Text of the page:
In closing, let me assure you that we are working very hard on the 2017-18 budget. We will do our very best to keep our salaries at the top of all Houston area school districts while also maintaining the most affordable health care premiums of any school district in Texas. School finance is a very challenging issue and it has been made even more challenging now that there is no school finance bill or additional money for the next two years, thanks to the Senate’s changes to HB 21 and refusal to participate in the conference committee. If you feel inclined, you should contact your Senator’s office and the Lt. Governor’s office and tell them how disappointed you are in their unwillingness to “sit down in a conference committee with the House on HB 21.”
Thank you for serving as Key Communicator. Enjoy your weekend and please remember why we celebrate Memorial Day, to honor those who have given their lives for our freedom.
Update on House Bill 22
I wanted to share one more piece of information with you today regarding important legislation that affects all of us in public education. My previous letter discussed the school finance situation in Texas. I now want to update you now on HB 22 – the school accountability bill that we designed to help with the A-F ratings system.
As was with HB 21, HB 22 was a very good piece of legislation coming out of the House of Representatives. If you remember, this bill accomplished several things.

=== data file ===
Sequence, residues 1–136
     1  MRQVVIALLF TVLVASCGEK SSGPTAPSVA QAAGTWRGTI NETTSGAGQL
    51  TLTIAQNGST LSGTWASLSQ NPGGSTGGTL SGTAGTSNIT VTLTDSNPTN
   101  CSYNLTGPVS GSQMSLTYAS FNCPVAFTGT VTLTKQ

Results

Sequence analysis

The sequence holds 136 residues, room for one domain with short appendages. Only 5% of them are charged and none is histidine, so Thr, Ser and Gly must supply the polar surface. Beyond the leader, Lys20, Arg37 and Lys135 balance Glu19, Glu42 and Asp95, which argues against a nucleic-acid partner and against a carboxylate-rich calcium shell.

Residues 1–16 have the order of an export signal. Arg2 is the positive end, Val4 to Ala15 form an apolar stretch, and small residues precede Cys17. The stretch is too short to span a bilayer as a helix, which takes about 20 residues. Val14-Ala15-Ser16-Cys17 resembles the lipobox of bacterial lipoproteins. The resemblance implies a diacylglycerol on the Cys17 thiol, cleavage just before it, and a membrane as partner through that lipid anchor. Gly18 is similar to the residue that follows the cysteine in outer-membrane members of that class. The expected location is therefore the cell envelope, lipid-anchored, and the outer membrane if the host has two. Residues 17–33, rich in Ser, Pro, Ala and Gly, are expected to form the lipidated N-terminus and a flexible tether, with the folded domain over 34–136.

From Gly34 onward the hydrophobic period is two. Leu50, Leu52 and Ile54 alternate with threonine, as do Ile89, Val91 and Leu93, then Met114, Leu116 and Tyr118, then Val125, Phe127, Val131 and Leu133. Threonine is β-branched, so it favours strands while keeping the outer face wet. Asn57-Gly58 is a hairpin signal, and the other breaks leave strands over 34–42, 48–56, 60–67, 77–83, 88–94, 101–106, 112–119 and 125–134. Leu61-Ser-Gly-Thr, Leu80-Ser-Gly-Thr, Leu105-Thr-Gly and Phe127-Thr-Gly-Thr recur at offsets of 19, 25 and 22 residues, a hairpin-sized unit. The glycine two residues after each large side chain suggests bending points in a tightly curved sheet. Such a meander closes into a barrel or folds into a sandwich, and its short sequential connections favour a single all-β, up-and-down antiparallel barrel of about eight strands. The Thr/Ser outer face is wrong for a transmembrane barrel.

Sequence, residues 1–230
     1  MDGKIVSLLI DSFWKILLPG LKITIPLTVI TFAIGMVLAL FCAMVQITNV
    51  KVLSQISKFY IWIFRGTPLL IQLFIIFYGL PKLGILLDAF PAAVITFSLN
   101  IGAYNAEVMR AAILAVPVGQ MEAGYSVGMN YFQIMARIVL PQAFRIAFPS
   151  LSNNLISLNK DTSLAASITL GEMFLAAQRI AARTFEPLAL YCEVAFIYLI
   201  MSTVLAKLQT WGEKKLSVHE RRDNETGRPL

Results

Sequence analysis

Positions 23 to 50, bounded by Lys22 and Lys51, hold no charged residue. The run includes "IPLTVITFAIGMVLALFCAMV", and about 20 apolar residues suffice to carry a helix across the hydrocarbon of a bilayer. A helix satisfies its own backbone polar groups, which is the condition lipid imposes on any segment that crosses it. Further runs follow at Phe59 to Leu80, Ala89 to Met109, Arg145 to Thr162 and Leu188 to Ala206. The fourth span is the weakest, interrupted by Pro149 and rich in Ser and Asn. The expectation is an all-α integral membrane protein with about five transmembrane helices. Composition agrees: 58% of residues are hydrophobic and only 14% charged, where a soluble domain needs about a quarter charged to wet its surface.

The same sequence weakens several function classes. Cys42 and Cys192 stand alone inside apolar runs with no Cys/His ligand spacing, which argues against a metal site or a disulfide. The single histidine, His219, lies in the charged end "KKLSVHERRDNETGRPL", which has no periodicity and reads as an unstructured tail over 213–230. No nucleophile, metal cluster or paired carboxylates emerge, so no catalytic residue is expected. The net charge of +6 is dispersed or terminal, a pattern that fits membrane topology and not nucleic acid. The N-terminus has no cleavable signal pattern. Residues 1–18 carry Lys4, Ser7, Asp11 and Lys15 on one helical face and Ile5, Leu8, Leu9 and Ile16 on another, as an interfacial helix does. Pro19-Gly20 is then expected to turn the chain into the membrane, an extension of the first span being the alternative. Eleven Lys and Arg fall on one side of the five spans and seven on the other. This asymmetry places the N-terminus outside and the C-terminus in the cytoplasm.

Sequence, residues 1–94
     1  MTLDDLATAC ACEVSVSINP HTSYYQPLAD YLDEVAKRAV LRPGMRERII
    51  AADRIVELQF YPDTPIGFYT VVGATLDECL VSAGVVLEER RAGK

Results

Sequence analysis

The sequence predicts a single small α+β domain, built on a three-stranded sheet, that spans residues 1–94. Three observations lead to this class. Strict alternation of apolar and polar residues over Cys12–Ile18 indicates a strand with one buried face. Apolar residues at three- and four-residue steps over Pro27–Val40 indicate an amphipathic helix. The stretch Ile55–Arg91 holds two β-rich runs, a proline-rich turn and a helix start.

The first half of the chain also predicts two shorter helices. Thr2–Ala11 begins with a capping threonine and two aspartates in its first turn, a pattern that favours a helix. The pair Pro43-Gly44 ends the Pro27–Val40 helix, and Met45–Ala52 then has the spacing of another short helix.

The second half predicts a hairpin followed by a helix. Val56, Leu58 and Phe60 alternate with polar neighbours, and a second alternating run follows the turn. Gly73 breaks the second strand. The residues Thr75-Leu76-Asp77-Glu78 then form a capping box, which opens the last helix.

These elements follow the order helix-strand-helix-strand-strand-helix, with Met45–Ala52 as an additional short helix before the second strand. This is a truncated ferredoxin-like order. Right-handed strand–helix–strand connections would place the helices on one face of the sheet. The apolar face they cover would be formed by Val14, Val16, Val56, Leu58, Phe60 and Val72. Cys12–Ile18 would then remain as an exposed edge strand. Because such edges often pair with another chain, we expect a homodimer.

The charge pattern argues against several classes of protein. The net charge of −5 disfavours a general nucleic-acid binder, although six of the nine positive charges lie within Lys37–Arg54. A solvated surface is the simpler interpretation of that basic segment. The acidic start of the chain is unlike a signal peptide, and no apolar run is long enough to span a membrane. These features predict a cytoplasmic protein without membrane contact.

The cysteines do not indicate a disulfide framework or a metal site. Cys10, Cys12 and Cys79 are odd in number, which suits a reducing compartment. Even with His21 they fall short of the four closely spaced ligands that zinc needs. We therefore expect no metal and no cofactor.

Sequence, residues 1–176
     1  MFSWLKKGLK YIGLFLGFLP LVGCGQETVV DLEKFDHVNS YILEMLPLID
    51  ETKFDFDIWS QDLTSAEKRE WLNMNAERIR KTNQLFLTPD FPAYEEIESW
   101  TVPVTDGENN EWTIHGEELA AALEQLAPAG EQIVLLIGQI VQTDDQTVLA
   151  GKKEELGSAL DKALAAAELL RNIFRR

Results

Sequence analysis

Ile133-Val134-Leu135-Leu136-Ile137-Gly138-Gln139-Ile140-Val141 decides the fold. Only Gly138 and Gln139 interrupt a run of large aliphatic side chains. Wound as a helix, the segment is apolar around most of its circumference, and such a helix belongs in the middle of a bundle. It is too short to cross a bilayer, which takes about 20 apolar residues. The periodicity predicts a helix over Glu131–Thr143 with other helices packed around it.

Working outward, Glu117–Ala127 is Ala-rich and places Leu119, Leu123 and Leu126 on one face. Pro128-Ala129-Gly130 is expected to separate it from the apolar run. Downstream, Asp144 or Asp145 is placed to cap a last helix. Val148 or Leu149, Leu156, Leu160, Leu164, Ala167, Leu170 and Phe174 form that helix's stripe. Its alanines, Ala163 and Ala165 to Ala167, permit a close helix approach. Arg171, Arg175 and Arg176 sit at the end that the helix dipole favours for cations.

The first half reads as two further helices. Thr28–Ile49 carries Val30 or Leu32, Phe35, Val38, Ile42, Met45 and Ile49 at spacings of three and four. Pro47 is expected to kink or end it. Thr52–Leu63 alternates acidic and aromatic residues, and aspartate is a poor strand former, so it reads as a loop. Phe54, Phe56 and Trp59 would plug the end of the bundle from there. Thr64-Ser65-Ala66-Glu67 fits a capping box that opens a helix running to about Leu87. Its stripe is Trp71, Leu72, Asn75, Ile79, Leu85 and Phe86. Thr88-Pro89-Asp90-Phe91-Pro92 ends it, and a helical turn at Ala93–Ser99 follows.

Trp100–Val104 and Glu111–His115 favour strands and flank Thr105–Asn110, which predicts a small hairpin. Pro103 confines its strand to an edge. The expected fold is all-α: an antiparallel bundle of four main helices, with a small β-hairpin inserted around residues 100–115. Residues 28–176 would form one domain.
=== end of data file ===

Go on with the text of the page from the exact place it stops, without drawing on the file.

- HB 22 reduced the number of domains from five to three. These domains were: student achievement, student progress and school climate.
- It included non-test, non STAAR based indicators.
- Included alternate assessments in lieu of STAAR exams (these assessments are quality assessments being used by districts across Texas).
- HB 22 created a weighted system where districts are held more accountable for students that are continuously enrolled in our schools.
- It delayed full implementation of the system until the 2019-20 school year. This gives TEA time to do this right. As many of you know, all too often major parts of policy changes at the statewide level are rushed and implemented in a haphazard manner and local school systems are left trying to figure out what is expected of them.
The process is the same as HB 21. The House approved HB 22 146-0 and sent it to the Senate for consideration. This bill was sent to the Senate almost seven weeks ago and at 2:30 am yesterday morning, the Senate passed a stripped-down version of the original HB 22. The Senate literally took a good bill and sent back a much weaker and less meaningful accountability bill. Basically, it was good policy coming out of the House and now it’s mediocre – at best – policy. The Senate version took away almost all of the proposed changes with the exception for the continuous enrollment provision and also added a fourth domain – closing the achievement gaps between racial and socioeconomic groups.
Now that the Senate version has passed, it is back to the House. The House may decide to pass the bill as is, or negotiate with the Senate through the conference committee process I explained in my previous letter. The Board and I prefer the House version, as it included provisions to measure a student, a campus and a school district as a whole. The Senate version takes us back to where we are all graded by a single test. I will update you with more as soon I as I know anything.
Thank you for serving as Key Communicator. Again, enjoy your weekend and please remember why we celebrate Memorial Day, to honor those who have given their lives for our freedom.